Christopher Morris, then-18, packs for a seven-week trip to Greece, made possible through study-abroad programs at Howard Community College , in 2005. (Katherine Frey/for The Washington Post)

In his March 12 Tuesday Opinion essay, “Want to study abroad? Check out America.,” Mitch Daniels shared his excitement about an alternative means of more college students gaining an “abroad” experience by seeing different parts of the United States. As an international educator for 40 years, I wholeheartedly support efforts to send more undergrads abroad.

No doubt many students at elite colleges can support an off-campus “grand” summer experience without needing to earn money to pay for books, incidentals or student loans. Not so for the first-generation, low-income and minority students. Mr. Daniels described a Yale student who discovered on a 7,200-mile road trip “the overwhelming impact of family and culture on the life prospects of children.” I’m sure it was a revelation. It sounds like the experiences set up for the first Peace Corps volunteers who traveled to poor nations to offer assistance absent any useful credentials to change the lives of the poor villagers they lived with. The Peace Corps was always more popular than its domestic counterpart, Volunteers in Service to America (VISTA), supporting volunteer work in our inner cities.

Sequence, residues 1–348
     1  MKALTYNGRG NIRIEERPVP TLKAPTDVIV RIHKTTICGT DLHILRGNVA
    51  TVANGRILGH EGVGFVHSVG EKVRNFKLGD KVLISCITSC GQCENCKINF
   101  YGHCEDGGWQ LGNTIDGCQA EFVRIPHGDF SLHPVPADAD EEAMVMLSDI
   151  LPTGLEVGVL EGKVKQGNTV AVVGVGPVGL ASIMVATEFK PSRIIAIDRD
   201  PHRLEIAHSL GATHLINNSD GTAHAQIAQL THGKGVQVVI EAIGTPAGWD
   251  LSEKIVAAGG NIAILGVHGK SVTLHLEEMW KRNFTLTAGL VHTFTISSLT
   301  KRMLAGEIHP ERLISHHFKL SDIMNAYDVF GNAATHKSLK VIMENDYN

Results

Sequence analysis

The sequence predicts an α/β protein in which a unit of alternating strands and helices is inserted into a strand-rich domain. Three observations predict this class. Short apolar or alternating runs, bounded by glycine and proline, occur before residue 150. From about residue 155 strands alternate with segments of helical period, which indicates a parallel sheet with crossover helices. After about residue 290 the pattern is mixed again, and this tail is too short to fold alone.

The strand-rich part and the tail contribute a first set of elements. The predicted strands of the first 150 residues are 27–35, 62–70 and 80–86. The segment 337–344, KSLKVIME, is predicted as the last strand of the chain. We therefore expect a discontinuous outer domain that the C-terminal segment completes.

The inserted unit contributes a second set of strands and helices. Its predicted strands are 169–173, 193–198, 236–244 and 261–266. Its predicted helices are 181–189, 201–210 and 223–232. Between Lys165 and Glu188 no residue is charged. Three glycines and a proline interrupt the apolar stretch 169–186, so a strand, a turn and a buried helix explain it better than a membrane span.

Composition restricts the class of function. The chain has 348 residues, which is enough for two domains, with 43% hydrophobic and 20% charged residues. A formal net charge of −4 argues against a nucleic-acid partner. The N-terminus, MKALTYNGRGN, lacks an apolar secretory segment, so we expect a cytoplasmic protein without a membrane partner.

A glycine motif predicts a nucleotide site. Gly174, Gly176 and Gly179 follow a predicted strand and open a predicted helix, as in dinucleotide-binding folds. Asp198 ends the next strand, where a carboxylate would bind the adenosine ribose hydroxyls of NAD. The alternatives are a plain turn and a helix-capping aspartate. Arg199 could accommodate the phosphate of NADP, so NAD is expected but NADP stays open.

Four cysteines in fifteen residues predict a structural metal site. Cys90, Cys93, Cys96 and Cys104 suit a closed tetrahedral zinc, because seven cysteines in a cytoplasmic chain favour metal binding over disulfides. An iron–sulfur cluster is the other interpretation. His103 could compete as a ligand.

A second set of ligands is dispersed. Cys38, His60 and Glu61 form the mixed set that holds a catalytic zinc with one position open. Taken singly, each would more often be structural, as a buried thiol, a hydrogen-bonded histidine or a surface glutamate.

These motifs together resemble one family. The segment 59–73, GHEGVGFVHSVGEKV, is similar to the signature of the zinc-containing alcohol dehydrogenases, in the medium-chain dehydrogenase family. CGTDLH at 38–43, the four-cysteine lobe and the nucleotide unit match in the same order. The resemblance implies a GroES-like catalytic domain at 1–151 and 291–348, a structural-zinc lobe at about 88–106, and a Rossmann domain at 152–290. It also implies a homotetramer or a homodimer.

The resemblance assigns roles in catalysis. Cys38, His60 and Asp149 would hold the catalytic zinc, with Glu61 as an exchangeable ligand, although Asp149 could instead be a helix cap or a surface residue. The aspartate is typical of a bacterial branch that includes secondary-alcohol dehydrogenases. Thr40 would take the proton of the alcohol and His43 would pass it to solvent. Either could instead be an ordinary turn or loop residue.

We need more resources and greater commitment to providing equal access for all college students to learning experiences outside the United States. International experience has the potential to improve the employability of students at a time of rapid globalization of markets and a growing need for agile learners with strong cross-cultural communication skills. The grand strategy for our colleges and universities should be to close the opportunity gap and level the playing field.

Martin Tillman, Washington